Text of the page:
Adjaye was born in Tanzania to Ghanaian parents, his father a diplomat, so these formative places included parts of Africa, Saudi Arabia, and eventually London. It was in London that he studied architecture, launched his practice, and designed his first projects.
The designs for the Smithsonian, which Adjaye calls "a new kind of new museum which is really about a narrative about people and a country", suggest both the range of influences and the sensory properties of which Simpson speaks. They promise dazzle and glitter, which Adjaye likes to alternate in his work with severity and darkness. There will be a ceiling, subject to budget, in the form of "a shower" of thousands of pieces of split pine, and a black room with a circular oculus above, which admits a glittering cylinder of falling water. There will be light and shadows filtered through filigree bronzework.
Adjaye sees it partly as a monument, like the other museums and the memorials to presidents that occupy the Mall, and like them it has a formal symmetry, but he also wants to be different from them. So it has a distinctive tiered shape, with walls inclining outwards as they rise, which he says is derived from the forms of Yoruba craftsmen in the region of Africa from which slaves were mostly extracted. There is bronze cladding, which "takes on the cast metal architecture of the American south". One of the first trades adopted by freed slaves was, he tells me, metalwork. Adjaye likes to tell stories about his projects, and this one is no exception.
The Museum of African-American History and Culture is plainly a career-defining project. Pending its completion, however, Adjaye's most significant finished building is his Sugar Hill housing development in Harlem, New York, whose first residents will shortly move in. This is built for low-income and in some cases formerly homeless families, but also includes an early education centre and a Children's Museum of Art and Storytelling. Here, working with the housing specialists SLCE Architects, the aim was to bring pride to this essential use, within the brutal budgets of such projects. At no point, according to Adjaye, did anyone say "that seems like a nice thing, Mr Architect, just do it". The cost of everything had to be justified.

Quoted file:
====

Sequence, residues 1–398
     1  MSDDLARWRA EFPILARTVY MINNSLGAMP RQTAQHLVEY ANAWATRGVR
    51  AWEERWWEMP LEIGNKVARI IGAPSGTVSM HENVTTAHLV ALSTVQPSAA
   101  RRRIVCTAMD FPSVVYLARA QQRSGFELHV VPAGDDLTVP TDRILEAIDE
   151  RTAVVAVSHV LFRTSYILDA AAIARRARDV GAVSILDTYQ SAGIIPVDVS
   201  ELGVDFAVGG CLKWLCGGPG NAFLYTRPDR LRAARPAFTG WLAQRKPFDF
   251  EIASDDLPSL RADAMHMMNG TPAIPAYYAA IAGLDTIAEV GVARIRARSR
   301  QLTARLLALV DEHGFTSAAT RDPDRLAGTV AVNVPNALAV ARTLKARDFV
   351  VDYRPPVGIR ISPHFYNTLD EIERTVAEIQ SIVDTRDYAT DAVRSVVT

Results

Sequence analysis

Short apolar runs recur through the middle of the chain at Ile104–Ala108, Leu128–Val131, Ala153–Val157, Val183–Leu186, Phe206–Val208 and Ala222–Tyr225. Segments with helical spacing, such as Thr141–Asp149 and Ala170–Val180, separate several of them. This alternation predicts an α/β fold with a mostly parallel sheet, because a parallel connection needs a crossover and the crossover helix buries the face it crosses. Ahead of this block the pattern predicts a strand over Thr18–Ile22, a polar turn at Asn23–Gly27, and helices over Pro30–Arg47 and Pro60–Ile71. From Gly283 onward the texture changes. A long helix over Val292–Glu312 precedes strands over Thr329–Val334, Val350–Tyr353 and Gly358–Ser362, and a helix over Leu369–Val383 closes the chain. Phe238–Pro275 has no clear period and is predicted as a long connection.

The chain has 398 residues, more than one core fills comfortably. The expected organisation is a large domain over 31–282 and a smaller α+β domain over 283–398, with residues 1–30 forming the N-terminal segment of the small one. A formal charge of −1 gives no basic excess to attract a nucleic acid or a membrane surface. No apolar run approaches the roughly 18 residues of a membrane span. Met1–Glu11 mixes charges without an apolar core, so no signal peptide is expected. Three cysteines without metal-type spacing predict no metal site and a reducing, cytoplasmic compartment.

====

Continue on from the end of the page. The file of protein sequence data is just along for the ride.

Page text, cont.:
The building occupies a commanding site in upper Manhattan, in an area rich in the history of the Harlem Renaissance, with some handsome streets of century-old houses. It is one of Adjaye's tougher buildings, a blocky concrete citadel in charcoal grey, given drama by a cantilevered offset two thirds of the way up. The windows are quite small, because that is what the budgets allow, but the concrete is relieved by a pattern of roses etched into it, which Adjaye says is inspired by the decorations on older buildings in the neighbourhood. There is also a serration in the plan, which derives from the stepped profile of local terraces.
The project hasn't been universally popular in the neighbourhood. Despite the inspirations drawn from historic buildings, some saw it as inappropriate for its context, and a recent review has called it "a dead-eyed guard tower", its patterns "the result of an evening spent fiddling with Photoshop". Baxter admits that she was herself "challenged" by some of its aspects, but that "its inherent beauty stands out". She says that "David doesn't change his mind. He stays stable. He convinces in a steady way. Clients come around to see his position." And she did.